PREVIOUS QUESTION:

 

NEXT QUESTION:

 

What should you ask your doctor if you're diagnosed with soft tissue sarcoma?

ANSWER

Here are some things you may want to discuss:

  • How do you know it’s cancer? Could it be something else?
  • What kind of soft tissue sarcoma do I have?
  • How far has it spread?
  • What kind of treatment should I get, and why?
  • How well does that treatment work? 
  • What kind of side effects will I have if I get that treatment?
  • Are there other ways to treat this kind of cancer?
  • Who will be in charge of my treatment?
  • How often have they treated this kind of cancer?
  • What do I need to do to prepare for my treatment?
  • If I have another health condition, how will it be affected?
  • What support is available to help me and my family?
  • Where can I learn more about my type of cancer?

From: What Is a Soft Tissue Sarcoma? WebMD Medical Reference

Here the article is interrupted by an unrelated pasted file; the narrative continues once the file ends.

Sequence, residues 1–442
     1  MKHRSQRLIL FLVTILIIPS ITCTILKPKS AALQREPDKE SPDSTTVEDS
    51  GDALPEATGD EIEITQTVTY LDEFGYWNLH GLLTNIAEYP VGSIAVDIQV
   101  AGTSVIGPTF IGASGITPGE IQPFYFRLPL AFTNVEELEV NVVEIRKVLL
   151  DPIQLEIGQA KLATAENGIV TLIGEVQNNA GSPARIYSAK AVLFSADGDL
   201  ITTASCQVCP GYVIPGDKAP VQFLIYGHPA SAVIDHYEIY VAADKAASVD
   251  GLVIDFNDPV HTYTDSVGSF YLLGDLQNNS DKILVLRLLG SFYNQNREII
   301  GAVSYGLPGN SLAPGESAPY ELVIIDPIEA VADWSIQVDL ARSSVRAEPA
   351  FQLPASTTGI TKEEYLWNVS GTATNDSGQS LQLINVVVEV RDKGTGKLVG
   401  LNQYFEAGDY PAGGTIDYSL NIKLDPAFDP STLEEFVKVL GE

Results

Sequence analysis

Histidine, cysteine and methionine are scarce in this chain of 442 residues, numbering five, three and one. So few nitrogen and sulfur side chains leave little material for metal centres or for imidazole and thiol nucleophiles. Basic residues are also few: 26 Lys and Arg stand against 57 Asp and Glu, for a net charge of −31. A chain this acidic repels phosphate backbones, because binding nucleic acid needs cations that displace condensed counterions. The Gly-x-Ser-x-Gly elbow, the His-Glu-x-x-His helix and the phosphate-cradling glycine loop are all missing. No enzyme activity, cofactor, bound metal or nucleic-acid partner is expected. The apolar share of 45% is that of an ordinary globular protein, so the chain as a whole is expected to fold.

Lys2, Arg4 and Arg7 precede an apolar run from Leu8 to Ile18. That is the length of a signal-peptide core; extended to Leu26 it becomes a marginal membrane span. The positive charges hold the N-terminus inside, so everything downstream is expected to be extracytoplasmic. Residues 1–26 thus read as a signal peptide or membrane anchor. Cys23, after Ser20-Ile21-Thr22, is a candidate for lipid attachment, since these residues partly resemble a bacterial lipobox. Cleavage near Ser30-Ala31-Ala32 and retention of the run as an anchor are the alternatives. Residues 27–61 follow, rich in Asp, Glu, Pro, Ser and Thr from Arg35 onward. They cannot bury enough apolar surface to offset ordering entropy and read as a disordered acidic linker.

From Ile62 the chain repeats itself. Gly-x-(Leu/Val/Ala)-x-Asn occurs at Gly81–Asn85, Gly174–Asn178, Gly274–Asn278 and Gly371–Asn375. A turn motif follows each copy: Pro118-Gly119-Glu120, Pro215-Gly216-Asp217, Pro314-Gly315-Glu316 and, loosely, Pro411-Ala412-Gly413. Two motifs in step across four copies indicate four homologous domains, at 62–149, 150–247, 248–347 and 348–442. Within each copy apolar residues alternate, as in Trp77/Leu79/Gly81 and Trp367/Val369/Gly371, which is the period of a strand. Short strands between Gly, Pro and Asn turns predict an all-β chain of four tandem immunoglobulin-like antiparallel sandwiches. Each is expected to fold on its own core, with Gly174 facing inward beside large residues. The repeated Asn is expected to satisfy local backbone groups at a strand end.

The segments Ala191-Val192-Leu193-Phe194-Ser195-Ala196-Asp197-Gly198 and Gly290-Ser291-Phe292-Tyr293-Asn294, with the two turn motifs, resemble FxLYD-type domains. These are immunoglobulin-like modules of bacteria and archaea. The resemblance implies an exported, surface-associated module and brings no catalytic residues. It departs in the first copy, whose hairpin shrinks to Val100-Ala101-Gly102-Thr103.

SOURCES:

National Cancer Institute.

American Cancer Society.

The Mayo Clinic: “Soft Tissue Sarcoma.”

Sarcoma Foundation of America: “Patient resources.”

Johns Hopkins Medicine: “Sarcoma.”

American Society of Clinical Oncologists.

Cancer Research UK: “Living with Soft Tissue Sarcoma.”

Reviewed by Laura J. Martin on February 28, 2018

SOURCES:

National Cancer Institute.

American Cancer Society.

The Mayo Clinic: “Soft Tissue Sarcoma.”

Sarcoma Foundation of America: “Patient resources.”

Johns Hopkins Medicine: “Sarcoma.”

American Society of Clinical Oncologists.

Cancer Research UK: “Living with Soft Tissue Sarcoma.”

Reviewed by Laura J. Martin on February 28, 2018

NEXT QUESTION:

How do you treat soft tissue sarcoma?

WAS THIS ANSWER HELPFUL

"ALEXA, ASK WEBMD"

THIS TOOL DOES NOT PROVIDE MEDICAL ADVICE. It is intended for general informational purposes only and does not address individual circumstances. It is not a substitute for professional medical advice, diagnosis or treatment and should not be relied on to make decisions about your health. Never ignore professional medical advice in seeking treatment because of something you have read on the WebMD Site. If you think you may have a medical emergency, immediately call your doctor or dial 911.

    This tool does not provide medical advice. See additional information.